This is the fourth of the audiovisual productions by the Instituto de Astrofísica de Canarias with funding from the Severo Ochoa programme

 See the video “IAC Researches - Cosmology and Astroparticle Physics”

“Cosmology and Astroparticle Physics” is the fourth chapter in a series of videos produced by the Instituto de Astrofísica de Canarias (IAC) in which the Institute explains its key areas of research. In this episode, researchers and engineers talk about two promising disciplines which aim at understanding the complete history of the Universe and the physical laws which govern it, which comprise Cosmology and Astroparticle physics.

Modern Cosmology studies the Universe as a whole, which implies the study of its properties, contents, origin, evolution and fate. In this research, cosmologists try to detect indirect traces of its origin. One of these fossil imprints is the Cosmic Microwave Background Radiation (CMB), a residue of the Big Bang, which floods the whole of space. Cosmologists are convinced that there are other tracers which could give us further information about the initial instants of the Universe. In particular, they expect to detect a specific type of signal, the primordial B-modes, which would demonstrate the existence of gravitational waves generated by the phase of accelerated expansion, which occurred during these initial instants, which is termed Inflation.

Astroparticle physics is dedicated to the study of the elementary particles which arise during the most violent and extreme phenomena in the Universe. Its objective is to discover where these particles come from, and the processes which accelerate them to high energies. To carry out this research, a number of different detection methods have been developed, according to the type of particles: above all, gamma rays and cosmic rays. One of the main achievements which the researcher hope to make is the detection of “dark matter” which would be of great impact in Cosmology. The combination of the two branches of research would be definitive for the study of the so-called “zero instant”, the moment which saw the birth of our Universe, and where we hope to find the key to one of the main challenges of modern physics, the creation of a unified theory which would connect all the forces of nature into a single entity.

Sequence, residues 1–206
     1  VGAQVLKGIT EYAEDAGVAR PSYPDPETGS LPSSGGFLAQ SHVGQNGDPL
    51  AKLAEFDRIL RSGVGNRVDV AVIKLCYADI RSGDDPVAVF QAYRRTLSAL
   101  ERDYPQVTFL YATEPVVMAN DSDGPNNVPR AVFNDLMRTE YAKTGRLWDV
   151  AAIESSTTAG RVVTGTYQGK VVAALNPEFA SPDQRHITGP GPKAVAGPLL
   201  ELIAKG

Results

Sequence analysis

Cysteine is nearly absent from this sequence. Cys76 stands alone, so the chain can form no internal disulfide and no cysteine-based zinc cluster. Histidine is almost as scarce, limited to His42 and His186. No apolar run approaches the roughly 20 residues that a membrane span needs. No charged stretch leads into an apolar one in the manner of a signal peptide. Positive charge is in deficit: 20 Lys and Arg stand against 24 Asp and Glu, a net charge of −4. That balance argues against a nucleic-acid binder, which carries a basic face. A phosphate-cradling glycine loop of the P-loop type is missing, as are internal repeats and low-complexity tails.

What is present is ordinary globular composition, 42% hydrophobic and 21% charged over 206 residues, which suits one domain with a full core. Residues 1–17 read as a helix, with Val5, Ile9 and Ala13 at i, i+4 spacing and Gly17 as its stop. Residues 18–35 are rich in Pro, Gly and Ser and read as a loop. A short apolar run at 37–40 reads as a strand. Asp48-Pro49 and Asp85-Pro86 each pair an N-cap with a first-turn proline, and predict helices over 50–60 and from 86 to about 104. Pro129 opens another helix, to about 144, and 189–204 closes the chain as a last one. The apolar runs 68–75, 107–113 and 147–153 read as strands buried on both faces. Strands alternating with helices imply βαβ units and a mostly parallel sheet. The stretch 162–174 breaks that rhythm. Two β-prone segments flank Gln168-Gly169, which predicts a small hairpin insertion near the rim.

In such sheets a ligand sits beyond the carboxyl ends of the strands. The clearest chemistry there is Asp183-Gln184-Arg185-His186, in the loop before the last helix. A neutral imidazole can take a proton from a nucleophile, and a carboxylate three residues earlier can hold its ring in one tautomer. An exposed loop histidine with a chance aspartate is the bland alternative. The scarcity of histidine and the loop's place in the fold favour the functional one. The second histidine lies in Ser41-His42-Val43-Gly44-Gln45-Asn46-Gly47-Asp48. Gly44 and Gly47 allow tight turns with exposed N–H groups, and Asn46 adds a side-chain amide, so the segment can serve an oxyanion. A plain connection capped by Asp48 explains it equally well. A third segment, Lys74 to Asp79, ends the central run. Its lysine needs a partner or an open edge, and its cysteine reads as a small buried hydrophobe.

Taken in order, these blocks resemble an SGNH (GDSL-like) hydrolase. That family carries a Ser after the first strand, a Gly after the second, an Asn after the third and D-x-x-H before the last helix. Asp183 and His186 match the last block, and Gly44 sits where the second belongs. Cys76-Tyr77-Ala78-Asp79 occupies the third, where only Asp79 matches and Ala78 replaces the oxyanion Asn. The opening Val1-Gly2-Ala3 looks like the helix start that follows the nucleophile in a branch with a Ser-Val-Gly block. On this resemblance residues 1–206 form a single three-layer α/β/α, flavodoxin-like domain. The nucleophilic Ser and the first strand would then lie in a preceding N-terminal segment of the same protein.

The IAC is one of the main research centres in these two field, not only publishing scientific results, but also developing specific instruments. The IAC is participating in the majority of international experiments in Cosmology and Astroparticle Physics. Among these it is leading the QUIJOTE experiment, which is looking for the trace of the B-modes originated in the first instants of the Universe. The IAC is also participating in setting up the new Cherenkov Telescope Array, for detecting and researching high energy gamma rays. It is also involved in the development and the scientific exploitation of the next mission of the European Space Agency (ESA), EUCLID, which will study the properties of dark energy.

Participating in the video are the reseachers Rafael Rebolo López, Ramón García López, Alberto Rubiño Martín, Ricardo Génova Santos, Marina Manganaro and Diego Tescaro, as well as the engineers Vicente Sánchez de la Rosa, Ángeles Pérez de Taoro and Roger Hoyland. The technical team which made the video comprises: Iván Jiménez Montalvo (director, scriptwriter and editor), Inés Bonet Márquez (camera and post-production), Daniel López (camera dolly y timelapse), Nayra Rodríguez Eugenio (production) y Alberto Rubiño (science advisor).

The IAC in five videos

These videos have been coordinated by the Unit of Communication and Science Culture (UC3) of the IAC, and have been funded by the Severo Ochoa Programme, which is an initiative of the Secretariat of State for Research, Development and Innovation of the Ministry of Economy and Competitivity, whose purpose is to promote research of excellence carried out in Spain in any field of science.

The videos explain, in a simple summarized way, the scientific and technological aspects of each branch of study and pick out the benefits which research in astrophysics gives to society. Each video is a mosaic of voices in which the members of the research teams combine to act as narrators blending into a single narrative. The locations are given particular importance, as the narrators are situated in places which show their day to day working environment, and which are parts of the infrastructure and services which make the IAC a centre of excellence with international prestige.

Other videos in the series:


Related press releases:



Instituto de Astrofisica de Canarias. C/ Via Láctea s/n 38200, La Laguna. Canary Islands. Spain.
Privacy policy - Accessibility